Since the early days of the coronavirus pandemic, when cruise ships filled with sickened passengers were blocked from U.S. ports, residents in Key West, Fla., have been trying to limit the size and number of vacation vessels on the tiny island, using the momentum created during the pandemic to argue for continuing restrictions on cruise vessels.
Activists flooded City Commission meetings, protested on the dock, collected signatures and managed to pass three ballot measures in 2020 imposing stricter controls to protect the marine environment and limit passengers to 1,500 a day — only to see the state Legislature, with the approval of Gov. Ron DeSantis, void the new restrictions the following year.
Now the wealthy hotelier who operates Key West’s cruise ship port is doubling down, asking the state for permission to expand, which would allow bigger ships with more passengers to operate legally out of the port.
The issue will soon land on the desk of Mr. DeSantis, who has received nearly $1 million in campaign donations from the pier’s owner. It represents a tough balancing act for the Republican governor, a 2024 presidential candidate who has touted his environmental record but has also been a booster of Florida’s tourism industry.
Safer Cleaner Ships, the organization behind the move to keep large cruise ships out of Key West, recently fired another salvo: It filed a whistle-blower lawsuit against the local port owner, Pier B Development Corp., citing state records it said showed the company had underpaid millions of dollars in state fees and taxes. The Florida attorney general’s office dismissed the suit in part on jurisdictional grounds, a decision that activists said was a sign of continuing state support for a campaign donor, the owner of one of the country’s largest private hotel chains.
For Mr. DeSantis, whose policies are under scrutiny during the presidential campaign, a decision on whether to authorize expanded cruise ship operations calls for weighing environmental concerns as well as potential revenues from his state’s biggest industry in a petition that comes from a major campaign donor.
The turbidity in the water created by Royal Caribbean’s Serenade of the Seas in Key West, Fla., in October 2021. Advocacy groups and many scientists say the turbidity damages coral reefs.CreditCredit…By Safer Cleaner Ships
The issue has been a contentious one in Key West, with many people whose livelihoods depend on cruise ship visitors accusing the ballot measure proponents of “class warfare” and of not welcoming the lower-income tourists who book passage on the giant vessels. Local retail outlets, tour guides and harbor pilots argued that hotels on the island are expensive and cruise ships open the area to people who might not otherwise be able to afford to visit.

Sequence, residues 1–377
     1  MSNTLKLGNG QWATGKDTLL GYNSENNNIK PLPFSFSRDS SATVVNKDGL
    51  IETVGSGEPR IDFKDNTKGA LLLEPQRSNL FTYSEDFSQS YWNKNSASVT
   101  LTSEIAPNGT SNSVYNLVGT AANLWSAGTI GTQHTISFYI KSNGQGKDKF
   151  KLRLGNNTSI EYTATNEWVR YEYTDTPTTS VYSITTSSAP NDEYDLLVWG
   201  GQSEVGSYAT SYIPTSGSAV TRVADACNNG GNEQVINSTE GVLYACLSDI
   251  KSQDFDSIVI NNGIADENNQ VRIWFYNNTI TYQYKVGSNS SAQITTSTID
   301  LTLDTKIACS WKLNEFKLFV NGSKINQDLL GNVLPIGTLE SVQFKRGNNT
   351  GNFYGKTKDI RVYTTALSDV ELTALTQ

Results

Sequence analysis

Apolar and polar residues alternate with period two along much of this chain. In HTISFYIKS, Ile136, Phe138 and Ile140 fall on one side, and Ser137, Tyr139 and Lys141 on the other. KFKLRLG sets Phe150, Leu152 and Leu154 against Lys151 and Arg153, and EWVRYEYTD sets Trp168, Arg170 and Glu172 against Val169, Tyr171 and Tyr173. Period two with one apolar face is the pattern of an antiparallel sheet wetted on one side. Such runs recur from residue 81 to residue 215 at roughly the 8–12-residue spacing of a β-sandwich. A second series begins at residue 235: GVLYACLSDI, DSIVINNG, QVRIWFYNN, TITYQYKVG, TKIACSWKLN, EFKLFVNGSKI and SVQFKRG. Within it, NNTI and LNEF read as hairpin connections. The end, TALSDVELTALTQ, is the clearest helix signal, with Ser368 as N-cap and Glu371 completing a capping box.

The cruise industry, meanwhile, quietly funded a campaign against the 2020 ballot measures, The Miami Herald reported, warning residents that a reduction in cruise ship revenues could lead to drastic cuts in policing and other public services.
Before the pandemic, nearly a million people a year were visiting Key West aboard cruise ships. But when Covid-19 brought that to a halt, the city’s $2.4 billion tourism industry — responsible for 44 percent of its jobs — did not collapse.
Instead, hotel tax revenue rose 15 percent, and with 1.4 million arrivals, the airport set a record in 2021.
“People said, ‘If you limit cruise ships it will kill business! Jobs!’ That’s been proven false by the passage of time,” said Arlo Haskell, one of the anti-cruise ship group’s founders.
The activists have focused on the waters around the Florida Keys, which they argue improved significantly during the pandemic without a constant stream of cruise ships churning up sand and threatening coral reefs — an argument that resonated for a broad range of Key West residents.
Safer Cleaner Ships collected 2,500 signatures on the ballot measures to change the city charter; they each passed with majorities of over 60 percent.
In the months after the election, 11 companies owned by the pier operator, Mark Walsh, donated a total of nearly $1 million to Mr. DeSantis’s political committee, The Miami Herald revealed.
Months later, Mr. DeSantis signed legislation that prohibited any local ballot measure from restricting marine commerce. Opponents were outraged, with many publicly calling it “pay to play.”
Mr. DeSantis’s office declined to comment on the issue, as did Mr. Walsh, whose lawyer, however, said the companies’ donations were in support of the governor’s general pro-tourism stance, especially during Covid-19.
In response to concerns that cruise ships were damaging coral reefs, Mr. Walsh urged the city in a 2021 letter to “look at the science, and what is currently being done to restore the reef environment,” an effort to which he offered to contribute.